In this case, the drive internally marks the sector as bad and all further reads/writes targeting this sector re-directed automatically to a sector in the spare area.
The count of reallocated (bad) sectors increase - and ideally the drive works perfectly (even if it has bad sectors) because the spare sector can be read/written without problems.
This is why some bad sectors can be even acceptable ( https://www.hdsentinel.com/faq.php#health )
This is caused by hardware failure, completely independent from any software, OS and so.
2) the sector can be read - but the stored checksum does not match with the checksum calculated previously.
Then the sector is usually marked as WEAK (pending). Chkdsk/format reports as "bad sectors" incorrectly and disk surface tests show them and can be corrected.
Usually related to problems outside the hard disk / SSD, for example
- cable/connection issues
- insufficient power (very common with USB 2.5" hard disks used with single USB connection which may not provide enough power for proper operation)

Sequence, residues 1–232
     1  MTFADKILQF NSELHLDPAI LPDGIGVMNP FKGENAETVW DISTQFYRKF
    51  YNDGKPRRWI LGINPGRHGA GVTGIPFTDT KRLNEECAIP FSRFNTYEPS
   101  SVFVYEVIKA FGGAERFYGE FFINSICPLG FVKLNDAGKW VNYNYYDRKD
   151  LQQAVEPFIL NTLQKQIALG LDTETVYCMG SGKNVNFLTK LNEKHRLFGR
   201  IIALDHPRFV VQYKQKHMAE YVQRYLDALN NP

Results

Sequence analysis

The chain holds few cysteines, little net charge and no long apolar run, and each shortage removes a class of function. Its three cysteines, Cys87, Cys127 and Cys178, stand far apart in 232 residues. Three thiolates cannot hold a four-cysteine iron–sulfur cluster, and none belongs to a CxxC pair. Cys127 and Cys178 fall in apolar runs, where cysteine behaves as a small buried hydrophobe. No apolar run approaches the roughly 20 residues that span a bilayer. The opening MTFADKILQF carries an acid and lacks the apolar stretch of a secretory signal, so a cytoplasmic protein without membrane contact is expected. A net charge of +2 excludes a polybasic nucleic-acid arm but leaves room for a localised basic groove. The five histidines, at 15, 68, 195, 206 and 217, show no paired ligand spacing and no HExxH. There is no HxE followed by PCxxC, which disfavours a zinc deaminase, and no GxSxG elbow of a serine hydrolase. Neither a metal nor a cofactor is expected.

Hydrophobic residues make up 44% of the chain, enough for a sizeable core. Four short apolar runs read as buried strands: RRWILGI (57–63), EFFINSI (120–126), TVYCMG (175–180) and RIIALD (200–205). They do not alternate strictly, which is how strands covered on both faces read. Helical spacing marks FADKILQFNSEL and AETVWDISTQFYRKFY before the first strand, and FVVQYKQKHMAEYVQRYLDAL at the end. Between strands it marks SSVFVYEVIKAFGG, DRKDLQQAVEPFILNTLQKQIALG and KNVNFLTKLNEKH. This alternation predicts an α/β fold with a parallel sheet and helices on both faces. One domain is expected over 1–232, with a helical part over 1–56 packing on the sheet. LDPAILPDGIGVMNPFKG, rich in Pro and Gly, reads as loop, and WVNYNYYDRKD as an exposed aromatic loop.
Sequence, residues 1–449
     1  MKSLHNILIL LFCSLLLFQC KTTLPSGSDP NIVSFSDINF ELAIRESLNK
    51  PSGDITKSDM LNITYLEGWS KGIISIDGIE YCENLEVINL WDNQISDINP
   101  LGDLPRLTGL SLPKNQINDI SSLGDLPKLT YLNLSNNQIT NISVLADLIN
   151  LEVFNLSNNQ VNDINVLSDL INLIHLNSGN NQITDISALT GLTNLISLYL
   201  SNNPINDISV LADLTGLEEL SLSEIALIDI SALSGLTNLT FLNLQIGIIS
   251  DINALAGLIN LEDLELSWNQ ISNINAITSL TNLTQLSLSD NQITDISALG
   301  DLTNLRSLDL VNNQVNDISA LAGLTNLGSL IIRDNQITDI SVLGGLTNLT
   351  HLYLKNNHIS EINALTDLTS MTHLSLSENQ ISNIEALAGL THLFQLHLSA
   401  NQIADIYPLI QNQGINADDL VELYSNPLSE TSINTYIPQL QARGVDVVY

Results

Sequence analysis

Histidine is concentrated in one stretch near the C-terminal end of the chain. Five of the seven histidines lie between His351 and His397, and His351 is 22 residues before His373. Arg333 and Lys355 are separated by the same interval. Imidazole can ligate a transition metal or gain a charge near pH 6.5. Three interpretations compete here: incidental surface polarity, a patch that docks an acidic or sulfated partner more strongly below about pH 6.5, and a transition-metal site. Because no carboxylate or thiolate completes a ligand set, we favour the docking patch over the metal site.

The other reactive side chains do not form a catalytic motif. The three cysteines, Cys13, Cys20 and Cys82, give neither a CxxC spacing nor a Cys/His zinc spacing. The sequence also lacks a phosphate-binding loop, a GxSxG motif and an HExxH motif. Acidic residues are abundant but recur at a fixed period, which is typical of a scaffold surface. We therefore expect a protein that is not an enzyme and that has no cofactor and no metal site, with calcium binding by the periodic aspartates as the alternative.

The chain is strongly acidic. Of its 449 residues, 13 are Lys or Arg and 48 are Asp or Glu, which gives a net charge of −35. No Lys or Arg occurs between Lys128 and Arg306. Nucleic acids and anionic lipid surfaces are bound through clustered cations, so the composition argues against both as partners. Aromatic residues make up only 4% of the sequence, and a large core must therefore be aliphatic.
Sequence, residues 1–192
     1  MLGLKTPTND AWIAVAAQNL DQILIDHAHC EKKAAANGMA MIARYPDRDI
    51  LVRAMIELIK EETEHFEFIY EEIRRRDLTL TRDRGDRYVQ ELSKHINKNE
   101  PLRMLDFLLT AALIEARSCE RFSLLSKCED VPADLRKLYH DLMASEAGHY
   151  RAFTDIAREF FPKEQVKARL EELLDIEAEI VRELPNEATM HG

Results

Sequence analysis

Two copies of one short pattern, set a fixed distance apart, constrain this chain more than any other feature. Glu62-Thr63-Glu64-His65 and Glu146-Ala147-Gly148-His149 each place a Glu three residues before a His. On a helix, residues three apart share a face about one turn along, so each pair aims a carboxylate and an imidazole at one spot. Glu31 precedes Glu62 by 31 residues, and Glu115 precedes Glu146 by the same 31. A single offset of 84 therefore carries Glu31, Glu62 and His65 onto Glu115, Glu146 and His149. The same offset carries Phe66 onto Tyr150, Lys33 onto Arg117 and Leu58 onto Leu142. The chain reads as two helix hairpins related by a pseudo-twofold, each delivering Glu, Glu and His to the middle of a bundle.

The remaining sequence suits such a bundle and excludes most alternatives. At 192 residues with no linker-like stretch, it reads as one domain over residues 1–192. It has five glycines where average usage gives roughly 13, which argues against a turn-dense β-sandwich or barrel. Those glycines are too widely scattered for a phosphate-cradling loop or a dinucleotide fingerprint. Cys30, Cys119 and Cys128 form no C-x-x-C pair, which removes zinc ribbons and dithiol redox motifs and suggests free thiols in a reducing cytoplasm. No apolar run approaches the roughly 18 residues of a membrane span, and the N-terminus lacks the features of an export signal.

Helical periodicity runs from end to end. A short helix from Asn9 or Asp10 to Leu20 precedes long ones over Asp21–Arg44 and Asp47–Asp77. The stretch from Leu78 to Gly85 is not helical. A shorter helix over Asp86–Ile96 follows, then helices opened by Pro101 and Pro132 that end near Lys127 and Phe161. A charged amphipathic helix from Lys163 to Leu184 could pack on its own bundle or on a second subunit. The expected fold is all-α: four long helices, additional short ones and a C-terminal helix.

- accidental power loss, reset during write
But in some cases, the drive may be simply not "good" enough to record data for longer time. If the internal heads damaged (or in case of power issues), then it is possible that the data recorded can't be properly read back after some time. Or when the SSD reached low health due to wearout, then it can be still written - but after some time, it is possible that the data can't be read back.
This is when you may expect new and new weak / pending sectors caused by disk scan (we discussed in your other posts) and this is when the Disk menu -> Surface test -> Reinitailise disk surface test can be better: as it forces overwriting all sectors multiple times before clearing and verification.
This helps the drive to repair problems and restore the sector to good, working state - or perform reallocation if required.
> SMART shows that there is one bad sector on the disk (probably 4KB).
> Nevertheless, the disk works fully efficiently.
> What to do in this case?
> Make a backup, is it better to perform an analysis that will allow you to repair a bad sector?
The bad sector is already repaired: it replaced by the spare sector.
There is nothing to repair now - as it is already fixed.